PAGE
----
The type of stressor influences the location of the neurophysiological changes in the brain.
Stress causes changes in the dopaminergic system. Different stressors lead to different changes in the dopaminergic system. The effects of different types of stress on the brain and the dopaminergic system in particular can be found at Dopamine and stress In the section Dopamine in the chapter Neurological aspects.
The different types of stress are called stress protocols in the laboratory application for researching stress in rodents. These include chronic immobilization stress, chronic social stress and chronic (unpredictable) mild stress.
3.1. Stress protocols
Most studies on stress examine stress in rodents under laboratory conditions. Different types of stress are caused by different treatments.
3.1.1. Chronic restraint stress (CRS)
According to the protocol for chronic immobilization stress, the animals are kept in a (ventilated and transparent) restraining device for 2 to 6 hours per day for 10 to 28 days. Chronic immobilization stress triggers rodent depression symptoms, which are measured by behavioral tests such as the sucrose preference test, the forced swim test and the tail suspension test.
3.1.2. Chronic social defeat stress (CSDS)
The protocol for chronic social stress involves placing a single male (the intruder on which CSDS is tested) in the home cage of a larger male (aggressor, resident) for 5 to 10 minutes. There, the intruder is defeated by the resident animal. After this immediate physical interaction, the resident and intruder are kept in sensory contact for 24 hours. for 10 consecutive days, the intruders are exposed to the home cage of a new resident. After this CSDS exposure, the time of social interaction is measured.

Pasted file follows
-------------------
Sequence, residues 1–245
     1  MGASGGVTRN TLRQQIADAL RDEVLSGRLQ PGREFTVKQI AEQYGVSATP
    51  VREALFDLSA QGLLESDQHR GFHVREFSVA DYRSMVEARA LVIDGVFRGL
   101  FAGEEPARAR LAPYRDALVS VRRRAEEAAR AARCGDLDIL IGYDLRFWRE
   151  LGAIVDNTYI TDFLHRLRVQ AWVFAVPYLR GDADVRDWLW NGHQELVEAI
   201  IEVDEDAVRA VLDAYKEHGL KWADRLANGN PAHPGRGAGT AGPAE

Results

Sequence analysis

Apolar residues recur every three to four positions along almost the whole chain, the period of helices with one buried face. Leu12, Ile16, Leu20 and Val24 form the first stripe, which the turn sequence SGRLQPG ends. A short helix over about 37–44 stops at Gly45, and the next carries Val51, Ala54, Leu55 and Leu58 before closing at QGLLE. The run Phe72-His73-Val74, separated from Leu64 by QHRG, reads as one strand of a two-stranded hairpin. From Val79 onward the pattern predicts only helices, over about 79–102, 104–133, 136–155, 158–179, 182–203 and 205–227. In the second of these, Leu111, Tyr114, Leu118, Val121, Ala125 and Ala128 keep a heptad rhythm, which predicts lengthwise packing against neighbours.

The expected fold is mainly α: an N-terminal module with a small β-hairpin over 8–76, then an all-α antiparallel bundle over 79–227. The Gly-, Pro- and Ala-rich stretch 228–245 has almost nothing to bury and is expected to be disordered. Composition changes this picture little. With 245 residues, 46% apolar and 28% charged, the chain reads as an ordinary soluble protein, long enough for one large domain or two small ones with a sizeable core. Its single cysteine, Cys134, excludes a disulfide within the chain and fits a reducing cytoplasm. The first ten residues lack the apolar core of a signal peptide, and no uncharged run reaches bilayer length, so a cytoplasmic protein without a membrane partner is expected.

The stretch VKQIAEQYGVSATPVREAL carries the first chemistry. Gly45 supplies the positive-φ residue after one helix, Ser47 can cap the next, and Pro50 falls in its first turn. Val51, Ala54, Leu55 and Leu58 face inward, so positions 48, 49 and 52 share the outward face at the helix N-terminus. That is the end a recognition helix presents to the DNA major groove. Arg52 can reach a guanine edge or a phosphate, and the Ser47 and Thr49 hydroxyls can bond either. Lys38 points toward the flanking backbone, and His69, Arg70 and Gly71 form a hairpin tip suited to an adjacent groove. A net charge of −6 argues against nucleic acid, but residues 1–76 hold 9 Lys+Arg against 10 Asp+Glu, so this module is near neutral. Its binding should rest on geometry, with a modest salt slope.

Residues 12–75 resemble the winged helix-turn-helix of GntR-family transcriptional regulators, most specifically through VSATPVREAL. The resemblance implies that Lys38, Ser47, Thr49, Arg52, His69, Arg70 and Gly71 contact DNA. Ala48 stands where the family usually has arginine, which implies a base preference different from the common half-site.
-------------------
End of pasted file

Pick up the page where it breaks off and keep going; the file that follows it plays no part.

There are two phenotypes:
- susceptible mice that develop depressive behaviors that manifest in reduced social interaction
- resistant mice that do not develop depressive behaviors
3.1.3. Chronic (unpredictable) mild stress (CUMS, CMS)
The protocol for chronic (unpredictable) mild stress involves exposing rodents to a series of (only comparatively) mild unpredictable stressors in random order over 2 to 12 weeks, such as
- Night lighting
- Tilting the cage
- moist litter
- unpleasant noises
- Cage change
- Food/water withdrawal
This stress protocol triggers persistent depressive behaviors and appears to mimic the stress-induced depression observed in depressed patients.
In another study on adolescent rats, it triggered ADHD and anxiety symptoms in adulthood.
3.1.4. Tail suspension test (TST)
The tail of the mouse is suspended from a smooth Plexiglas plate and the mouse is hung from the roof of a soundproof box. The movements of the animals are recorded for several minutes with a camera.
3.2. Homotypic vs. heterotypic stress
Heterotypical stress is made up of several stress experiences of different types of stressors. Homotypic stress, on the other hand, consists of repeated stress experiences of one type of stressor.
A sequence of different stress experiences causes different adaptation reactions in heterotypic stress and homotypic stress.
In the case of homotypic stress, a healthy adaptation reaction occurs far more frequently, in which the stress system reacts to the repetitive stressors with increasingly weaker stress reactions. In the case of heterotypic stress, on the other hand, the stress response often fails to adapt. This remains equally pronounced even with repeated stress experiences (maladaptation).
3.3. Types of stress and ADHD subtypes
Different stressors correlated with different ADHD subtypes:
Neglect of supervisory duties that put the child at risk of physical or psychological harm correlated with ADHD-I (inattentive type, OR 1.6) as well as with ADHD-HI/ADHD-C (hyperactive type, OR 1.5).
In contrast, physical neglect only correlated significantly with ADHD-I (OR 2.1), but not with hyperactivity.
ADHD-I correlated with:
- sexual physical abuse (OR 2.6)
- physical neglect (OR 2.1)
- physical abuse (OR 1.6)
- Neglect of the duty of supervision (OR 1.6)
ADHD-HI/ADHD-C correlated with:
- Neglect (OR 1.5)
- physical abuse (OR 1.3)
- not significantly against it:
- physical neglect
- sexual contact abuse